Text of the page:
One of the biggest myths in professional sports -- especially in the NFL -- is a veteran player doing everything he can to groom a younger guy to eventually take his job. Please. We've heard the stories about Brett Favre not doing much to grease the skids for Aaron Rodgers in Green Bay. That's probably more the norm than the exception.
Very few people do that in any facet of life unless the experienced employee is close to voluntarily vacating his position.
Quarterback Kerry Collins has gone through the drill once in Tennessee with Vince Young. According to teammate Jake Scott, Collins could walk away rather than do it a second time for eighth overall pick Jake Locker. Scott, on Sirius Radio, said that Collins might not want to be a "nursemaid" for Locker and could retire.
Collins, 38 and a 17-year veteran, knows where he is in his career. If he wants to have any shot of starting, returning as a "nursemaid" could be his only hope. If he's not cool with that, he's had a nice run.
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Same goes for Donovan McNabb, Matt Hasselbeck, Marc Bulger and Jake Delhomme. Being the transitional quarterback might not be ideal after years of being a productive starter; but it's a chance to possibly stage a miracle finale. Think Kurt Warner, who was tabbed to groom Eli Manning and Matt Leinart and ended up likely solidifying a spot in the Pro Football Hall of Fame by taking the Cardinals to Super Bowl XLIII.
For argument's sake, though, what if McNabb, Hasselbeck, Delhomme, Collins, Bulger -- all quarterbacks in their twilight -- decided they'd lost their passion and it was time to check out. Or, maybe the lockout takes away part or all of the 2011 season, letting rust accumulate on their aging bodies and giving them pause to realize how nice the time on the golf course feels as opposed to running gassers or getting blindsided by James Harrison.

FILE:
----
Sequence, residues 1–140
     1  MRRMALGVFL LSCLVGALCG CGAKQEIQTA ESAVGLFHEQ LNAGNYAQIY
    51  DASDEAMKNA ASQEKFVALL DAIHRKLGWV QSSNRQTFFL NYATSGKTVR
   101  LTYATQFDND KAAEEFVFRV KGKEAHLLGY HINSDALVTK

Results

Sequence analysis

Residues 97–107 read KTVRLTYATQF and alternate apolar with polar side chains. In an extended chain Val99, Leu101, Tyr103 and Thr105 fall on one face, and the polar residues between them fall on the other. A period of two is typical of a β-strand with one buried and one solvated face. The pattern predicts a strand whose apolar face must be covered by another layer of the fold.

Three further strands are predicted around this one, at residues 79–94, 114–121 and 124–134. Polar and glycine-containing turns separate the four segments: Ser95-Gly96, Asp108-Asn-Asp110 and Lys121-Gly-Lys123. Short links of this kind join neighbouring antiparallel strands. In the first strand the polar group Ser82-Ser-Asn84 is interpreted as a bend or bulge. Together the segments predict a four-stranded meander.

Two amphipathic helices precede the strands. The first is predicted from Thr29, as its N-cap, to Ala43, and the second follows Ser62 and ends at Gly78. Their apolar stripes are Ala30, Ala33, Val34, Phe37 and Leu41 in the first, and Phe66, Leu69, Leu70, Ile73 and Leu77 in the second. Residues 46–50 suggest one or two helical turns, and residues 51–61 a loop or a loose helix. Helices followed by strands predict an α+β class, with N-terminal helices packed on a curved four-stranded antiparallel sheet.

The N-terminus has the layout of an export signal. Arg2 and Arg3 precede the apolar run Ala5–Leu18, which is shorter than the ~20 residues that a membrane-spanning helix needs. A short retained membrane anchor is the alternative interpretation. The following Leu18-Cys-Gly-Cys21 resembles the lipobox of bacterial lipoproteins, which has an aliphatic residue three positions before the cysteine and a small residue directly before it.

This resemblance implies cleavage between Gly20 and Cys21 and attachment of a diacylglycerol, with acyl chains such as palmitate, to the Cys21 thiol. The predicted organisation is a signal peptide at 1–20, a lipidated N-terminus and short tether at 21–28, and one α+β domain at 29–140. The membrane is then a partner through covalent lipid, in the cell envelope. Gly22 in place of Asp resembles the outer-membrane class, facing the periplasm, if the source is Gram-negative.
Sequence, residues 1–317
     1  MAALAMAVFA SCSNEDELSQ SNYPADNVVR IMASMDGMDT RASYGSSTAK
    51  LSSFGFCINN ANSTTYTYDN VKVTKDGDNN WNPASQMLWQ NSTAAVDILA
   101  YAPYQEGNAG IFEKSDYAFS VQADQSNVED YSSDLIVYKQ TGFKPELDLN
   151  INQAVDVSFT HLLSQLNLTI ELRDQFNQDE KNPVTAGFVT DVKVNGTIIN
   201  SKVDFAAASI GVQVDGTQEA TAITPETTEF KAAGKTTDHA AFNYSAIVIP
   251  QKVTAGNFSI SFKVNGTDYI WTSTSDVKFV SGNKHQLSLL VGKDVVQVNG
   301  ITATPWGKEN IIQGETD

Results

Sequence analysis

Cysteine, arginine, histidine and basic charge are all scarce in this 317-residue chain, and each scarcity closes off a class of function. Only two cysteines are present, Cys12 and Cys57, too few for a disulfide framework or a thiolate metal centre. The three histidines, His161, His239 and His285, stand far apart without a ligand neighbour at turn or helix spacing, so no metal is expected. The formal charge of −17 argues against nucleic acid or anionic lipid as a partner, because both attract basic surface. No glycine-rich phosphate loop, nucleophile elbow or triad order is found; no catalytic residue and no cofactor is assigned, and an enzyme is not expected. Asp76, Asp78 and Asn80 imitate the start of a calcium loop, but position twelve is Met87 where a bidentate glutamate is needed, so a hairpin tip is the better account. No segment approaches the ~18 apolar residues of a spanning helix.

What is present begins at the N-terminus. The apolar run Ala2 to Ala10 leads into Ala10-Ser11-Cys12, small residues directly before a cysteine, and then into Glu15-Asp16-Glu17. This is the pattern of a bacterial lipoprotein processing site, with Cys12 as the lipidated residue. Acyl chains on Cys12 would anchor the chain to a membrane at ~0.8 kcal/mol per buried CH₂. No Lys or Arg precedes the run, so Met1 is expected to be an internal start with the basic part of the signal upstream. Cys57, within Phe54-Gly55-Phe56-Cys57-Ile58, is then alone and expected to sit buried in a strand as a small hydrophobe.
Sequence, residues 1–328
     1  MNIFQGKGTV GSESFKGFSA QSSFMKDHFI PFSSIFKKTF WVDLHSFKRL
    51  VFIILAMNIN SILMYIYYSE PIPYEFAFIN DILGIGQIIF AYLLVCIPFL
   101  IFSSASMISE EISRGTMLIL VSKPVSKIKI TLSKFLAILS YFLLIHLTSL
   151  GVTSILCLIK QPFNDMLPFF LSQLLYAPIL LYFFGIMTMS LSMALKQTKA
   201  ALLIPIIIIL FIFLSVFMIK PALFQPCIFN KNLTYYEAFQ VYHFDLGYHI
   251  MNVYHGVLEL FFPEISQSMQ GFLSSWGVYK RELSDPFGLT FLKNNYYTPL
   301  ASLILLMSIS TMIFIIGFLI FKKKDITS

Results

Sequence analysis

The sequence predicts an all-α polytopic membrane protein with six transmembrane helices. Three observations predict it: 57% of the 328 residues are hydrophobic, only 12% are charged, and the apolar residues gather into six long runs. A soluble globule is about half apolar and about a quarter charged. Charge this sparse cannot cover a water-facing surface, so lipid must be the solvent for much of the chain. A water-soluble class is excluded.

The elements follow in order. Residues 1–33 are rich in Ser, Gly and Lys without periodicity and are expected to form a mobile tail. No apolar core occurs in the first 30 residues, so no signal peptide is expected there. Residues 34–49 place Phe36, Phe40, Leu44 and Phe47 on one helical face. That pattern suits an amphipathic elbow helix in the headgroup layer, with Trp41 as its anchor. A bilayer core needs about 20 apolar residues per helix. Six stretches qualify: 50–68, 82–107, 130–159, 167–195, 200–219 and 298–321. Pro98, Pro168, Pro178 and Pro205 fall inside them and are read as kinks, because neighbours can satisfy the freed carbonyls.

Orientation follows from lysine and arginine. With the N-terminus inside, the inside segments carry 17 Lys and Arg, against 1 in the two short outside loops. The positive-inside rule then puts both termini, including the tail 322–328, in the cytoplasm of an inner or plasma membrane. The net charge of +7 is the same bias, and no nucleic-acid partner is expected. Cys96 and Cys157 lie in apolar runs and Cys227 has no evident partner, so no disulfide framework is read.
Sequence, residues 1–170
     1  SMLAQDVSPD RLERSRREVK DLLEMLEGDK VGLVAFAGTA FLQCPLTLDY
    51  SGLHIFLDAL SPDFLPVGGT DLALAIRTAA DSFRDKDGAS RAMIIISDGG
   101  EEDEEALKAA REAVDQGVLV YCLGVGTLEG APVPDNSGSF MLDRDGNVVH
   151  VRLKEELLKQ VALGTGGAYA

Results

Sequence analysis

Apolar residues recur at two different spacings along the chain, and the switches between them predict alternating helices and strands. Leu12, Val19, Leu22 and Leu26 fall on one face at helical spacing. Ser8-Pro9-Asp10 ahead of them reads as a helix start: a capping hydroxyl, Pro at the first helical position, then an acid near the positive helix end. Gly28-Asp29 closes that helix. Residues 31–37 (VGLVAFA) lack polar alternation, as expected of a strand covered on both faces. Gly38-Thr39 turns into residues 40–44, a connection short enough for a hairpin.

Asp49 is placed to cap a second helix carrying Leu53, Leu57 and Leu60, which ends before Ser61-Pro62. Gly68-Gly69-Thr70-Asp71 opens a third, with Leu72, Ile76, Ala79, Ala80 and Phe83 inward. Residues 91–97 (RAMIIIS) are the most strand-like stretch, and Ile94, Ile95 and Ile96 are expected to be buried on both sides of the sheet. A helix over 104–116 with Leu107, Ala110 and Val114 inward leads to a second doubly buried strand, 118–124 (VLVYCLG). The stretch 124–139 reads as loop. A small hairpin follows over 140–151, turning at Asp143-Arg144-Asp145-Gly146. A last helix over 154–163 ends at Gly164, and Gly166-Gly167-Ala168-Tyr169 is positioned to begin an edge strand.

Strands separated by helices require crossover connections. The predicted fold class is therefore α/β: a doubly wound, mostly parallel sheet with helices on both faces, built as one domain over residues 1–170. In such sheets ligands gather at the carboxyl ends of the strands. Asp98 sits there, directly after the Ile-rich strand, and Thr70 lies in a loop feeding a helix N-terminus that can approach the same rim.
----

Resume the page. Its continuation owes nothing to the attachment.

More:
The teams that had hoped to wean a quarterback into game action might have to rush things without that veteran bridge. If a team felt its rookie quarterback wasn't ready, it would have to scramble for players like Young, Leinart, Alex Smith and Tarvaris Jackson -- young guys who haven't established themselves but are looking to seize another job and not relinquish it.
Coaches always say they want competition, right?
The younger crop of veteran quarterbacks like Young or Smith might play well enough to make teams just as competitive as they could be under Delhomme, McNabb or Collins. They'd also serve notice to the younger players that they have to work even harder to inherit the job from someone who has a longer shelf life than the veteran crop of QBs.
As much as that might help a younger quarterback, at least in terms of work ethic, it might not help them as much as having a "nursemaid" around. One of the main reasons teams keep at least one veteran around every season, even when that player is well past his prime, is what that guy does in meeting rooms and on the practice field. It happens at nearly every position because coaches want someone who knows what they're doing in every meeting room.
Think about it -- particularly with the small window to prepare this offseason because of the lockout: Who do most coaches want showing Christian Ponder how to break down film, learn opposing tendencies and navigate the playbook, Hasselbeck or Leinart?
So while Collins might not want to be back, the older veteran quarterbacks have an important place in the game. It might not be the place they'd prefer, but they do have a place in next season's NFL.